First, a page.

all the best and safe angling puddle man....:thumbs:
 
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how about being aware of whats going on around you when casting!
seen some nasty things down the arm when people are not watching
behind them when casting at mackie shoals!!!!
a set of feathers up the side of a 8yr old boy's face...not nice...
keep them coming lads and lasses!!!
 
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someone has already talked about shock leader being used!
but we also need to make sure that we use the correct size shock
leader for the size lead/bait being used...
a good guide that i was told about is simple...
4oz lead = 40lb leader

5oz lead = 50lb leader

6oz lead = 60lb leader and so on....
 

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someone has already talked about shock leader being used!
but we also need to make sure that we use the correct size shock
leader for the size lead/bait being used...
a good guide that i was told about is simple...
4oz lead = 40lb leader

5oz lead = 50lb leader

6oz lead = 60lb leader and so on....
A good all-rounder would be a tapered leader that goes from 15lb that is linked to the main line giving you a nice small linking knot and it goes up to 60lb where the terminal rig is attached, these tapered leaders are generally 15 yards in length.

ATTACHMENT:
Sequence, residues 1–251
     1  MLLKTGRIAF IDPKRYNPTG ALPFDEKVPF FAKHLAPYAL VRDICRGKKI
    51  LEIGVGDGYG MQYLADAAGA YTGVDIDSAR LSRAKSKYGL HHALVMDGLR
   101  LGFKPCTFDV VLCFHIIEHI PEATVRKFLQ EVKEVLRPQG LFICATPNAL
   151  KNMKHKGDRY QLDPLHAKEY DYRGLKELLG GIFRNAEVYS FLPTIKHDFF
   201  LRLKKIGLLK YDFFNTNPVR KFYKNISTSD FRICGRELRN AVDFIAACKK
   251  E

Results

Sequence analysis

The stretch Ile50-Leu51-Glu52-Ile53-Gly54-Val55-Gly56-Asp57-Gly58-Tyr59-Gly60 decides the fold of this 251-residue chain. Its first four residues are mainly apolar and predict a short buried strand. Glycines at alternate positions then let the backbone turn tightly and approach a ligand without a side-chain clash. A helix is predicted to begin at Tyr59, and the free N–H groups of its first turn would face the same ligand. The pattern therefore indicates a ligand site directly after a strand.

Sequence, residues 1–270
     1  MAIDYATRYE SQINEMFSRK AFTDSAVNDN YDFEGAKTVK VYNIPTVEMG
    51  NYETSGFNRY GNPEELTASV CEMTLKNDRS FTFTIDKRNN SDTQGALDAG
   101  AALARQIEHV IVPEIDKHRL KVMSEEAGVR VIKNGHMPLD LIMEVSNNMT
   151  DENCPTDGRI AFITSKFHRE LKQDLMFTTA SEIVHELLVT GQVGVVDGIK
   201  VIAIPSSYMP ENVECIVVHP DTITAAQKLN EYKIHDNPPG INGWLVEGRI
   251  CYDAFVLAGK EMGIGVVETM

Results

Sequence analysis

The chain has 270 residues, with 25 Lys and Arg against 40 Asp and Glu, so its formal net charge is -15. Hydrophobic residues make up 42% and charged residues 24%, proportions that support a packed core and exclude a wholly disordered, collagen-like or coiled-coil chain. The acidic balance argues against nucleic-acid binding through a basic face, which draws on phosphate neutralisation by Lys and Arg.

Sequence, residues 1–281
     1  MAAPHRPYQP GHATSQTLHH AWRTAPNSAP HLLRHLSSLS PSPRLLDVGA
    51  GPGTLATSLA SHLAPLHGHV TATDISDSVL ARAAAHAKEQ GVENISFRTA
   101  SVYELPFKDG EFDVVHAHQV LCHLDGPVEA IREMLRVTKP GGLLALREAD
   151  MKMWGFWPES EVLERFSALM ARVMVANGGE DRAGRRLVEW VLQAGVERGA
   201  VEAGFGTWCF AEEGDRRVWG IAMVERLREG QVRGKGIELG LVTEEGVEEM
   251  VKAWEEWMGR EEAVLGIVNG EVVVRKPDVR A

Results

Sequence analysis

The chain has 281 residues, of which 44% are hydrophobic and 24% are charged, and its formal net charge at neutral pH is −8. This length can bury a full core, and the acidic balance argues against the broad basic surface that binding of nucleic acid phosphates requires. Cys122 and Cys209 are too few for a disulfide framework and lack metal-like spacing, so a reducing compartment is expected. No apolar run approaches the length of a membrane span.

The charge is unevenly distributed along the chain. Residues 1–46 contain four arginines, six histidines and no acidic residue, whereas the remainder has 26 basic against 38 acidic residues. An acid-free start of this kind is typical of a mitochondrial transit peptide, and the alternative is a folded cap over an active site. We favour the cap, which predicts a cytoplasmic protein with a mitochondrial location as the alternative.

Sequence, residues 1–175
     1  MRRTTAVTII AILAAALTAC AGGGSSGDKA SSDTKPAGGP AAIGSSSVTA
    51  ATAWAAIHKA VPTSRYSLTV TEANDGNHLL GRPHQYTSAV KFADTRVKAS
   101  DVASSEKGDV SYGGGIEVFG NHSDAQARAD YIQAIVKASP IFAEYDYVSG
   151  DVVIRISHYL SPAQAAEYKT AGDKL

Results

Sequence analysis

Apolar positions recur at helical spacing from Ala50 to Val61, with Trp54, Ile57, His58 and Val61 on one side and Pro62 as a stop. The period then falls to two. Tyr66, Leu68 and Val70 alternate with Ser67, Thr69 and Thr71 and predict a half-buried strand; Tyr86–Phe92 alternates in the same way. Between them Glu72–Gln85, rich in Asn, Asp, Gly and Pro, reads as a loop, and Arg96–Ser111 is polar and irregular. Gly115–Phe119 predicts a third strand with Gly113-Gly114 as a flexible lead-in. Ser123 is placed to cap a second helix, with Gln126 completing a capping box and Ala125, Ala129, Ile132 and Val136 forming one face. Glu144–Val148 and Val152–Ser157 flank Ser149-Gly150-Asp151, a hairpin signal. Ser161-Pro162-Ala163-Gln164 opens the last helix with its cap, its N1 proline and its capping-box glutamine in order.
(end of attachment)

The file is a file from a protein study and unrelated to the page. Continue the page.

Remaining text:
Cheers
Tony
 

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how about being aware of whats going on around you when casting!
seen some nasty things down the arm when people are not watching
behind them when casting at mackie shoals!!!!
a set of feathers up the side of a 8yr old boy's face...not nice...
keep them coming lads and lasses!!!
I know what you mean P/Man.. Good point...I carry some pliers a small First Aid Kit and a bottle of Dettol in the box just in case...Pliers to cut off the protruding hook barb if it is visible enabling the hook to be removed as long as removal of the hook is safe though...Dettol for the obvious cleansing of any wound no matter how much of a salty sea dog one may be.

Cheers
Tony
 

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When fishing alone always tell somebody where you intend to fish. Carry a mobile at all times and ensure that you fully charge it before you go fishing, a flat mobile is no good to anyone.
 
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When fishing alone always tell somebody where you intend to fish. Carry a mobile at all times and ensure that you fully charge it before you go fishing, a flat mobile is no good to anyone.
i think most things have been covered now!
just one thing how about just looking out for each other....
 

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Discussion Starter · #14 ·
i think most things have been covered now!
just one thing how about just looking out for each other....
I am sure there are a multitude of things that haven't been covered yet Paul; I can certainly think of several. I hardly have time to scratch myself this week, but will add my thoughts when I have a moment.

I will stick the thread....at the end of the day, if a thread like this saves ONE person from even the smallest injury, it will have been worthwhile.